Motherhood And MadnessWritten by Dr. Dorree Lynn
When her husband suddenly walked out on her, my friend Barbara was a very young mother of four children between ages of two and six. Her husband had become addicted to pot and their marriage had begun to disintegrate. Barbara was a “good girl” and she had sixteen years of perfect attendance Sunday School pins to attest to this fact. She had left college to marry her childhood sweetheart, and a family was soon on way. No money and sudden single motherhood almost threw her over edge.
Depressed, scared and overwhelmed, she found herself filled with feelings hitherto unfelt. Her nerves were frayed, she wanted to scream and when children screamed she wanted to shut them up any way she could. Terrified that she would harm her children, she would lock herself in a closet until she could regain control of her feelings. I was always impressed by her ingenious solution.
Barbara had no family and no support in neighborhood. In desperation, when she could muster energy, she would pack all four children on a bus and visit her ailing mother for what minimal help and solace her mother could offer. Days seemed dark and there were many nights where Barbara would have just as soon not seen next day. She had no job skills, so she went on welfare to survive. With little money that she was able to scrounge, she found a therapist tohelp her. “Dorree,” she once told me, “If I could find money to get professional help, anyone can. Don’t ever let any one tell you otherwise.” It was a lesson I learned well.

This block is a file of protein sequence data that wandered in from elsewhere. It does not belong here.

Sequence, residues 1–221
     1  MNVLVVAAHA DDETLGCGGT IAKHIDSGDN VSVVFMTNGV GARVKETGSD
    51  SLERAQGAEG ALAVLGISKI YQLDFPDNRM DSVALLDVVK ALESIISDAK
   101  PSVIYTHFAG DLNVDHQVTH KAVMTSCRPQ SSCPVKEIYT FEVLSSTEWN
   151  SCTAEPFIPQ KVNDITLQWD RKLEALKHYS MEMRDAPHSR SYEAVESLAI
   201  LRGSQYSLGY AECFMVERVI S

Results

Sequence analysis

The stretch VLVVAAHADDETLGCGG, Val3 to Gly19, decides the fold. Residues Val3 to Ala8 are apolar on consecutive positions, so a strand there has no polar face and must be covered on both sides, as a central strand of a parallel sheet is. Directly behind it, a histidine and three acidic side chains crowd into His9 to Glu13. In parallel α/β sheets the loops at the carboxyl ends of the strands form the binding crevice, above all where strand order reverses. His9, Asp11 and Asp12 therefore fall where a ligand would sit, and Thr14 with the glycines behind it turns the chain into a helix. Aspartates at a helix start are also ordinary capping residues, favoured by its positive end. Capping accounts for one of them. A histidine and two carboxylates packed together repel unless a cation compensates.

According to Barbara, therapy saved her life. Slowly, she began to function and closet no longer seemed only hope of saving herself and her kids. This event had happened many years ago, before advent of drugs, and support groups and even religious outreach programs. Pretty much all alone, Barbara began to rebuild her life and to mother her children. Eventually she remarried.
People Are Like Tea BagsWritten by Dr. Dorree Lynn
Put them in hot water and they grow stronger — except for those that don’t.
On a recent trip to a distant state, my husband and I unexpectedly met a couple visiting same sightseer’s monument that we were. After speaking for a while, one of those delightful and unexpected light bulbs went on and we realized they were related to two close friends of ours. So of course, we decided to hang out longer than we had planned and soon we were having dinner and talking as if we had to know everything we could about each other. We talked like long lost friends and because we knew we would probably never see each other again. We spoke secrets — way one does with their hairdresser or person you sit next to on a plane. Instant intimacy secured with sureness that no real intimacy or connection would ever develop.
They were a vivacious couple, happily married for over thirty years, developers of a thriving business and parents of three wonderful grown children. Eileen had been “bad” sister who was always in trouble, child, whose parents never expected to amount to anything positive. She had dropped out of high school and her parents had suggested that she get a job and not even bother finishing her basic education. Barbara, her “good” sister had breezed through school with excellent grades and a fine reputation. She had always made her parents proud. Barbara and her husband were our close friends. Although we thought we knew them relatively well, we had never heard about Eileen and her family. We thought it strange that we never knew that they existed.
Quite rightly so, Eileen and her husband, were very proud of their accomplishments. They were delighted with fact that they had fooled world and that they had played a cosmic joke on all who had predicted their failure. Following their own adventurous path, they had achieved success that everyone told them they never would.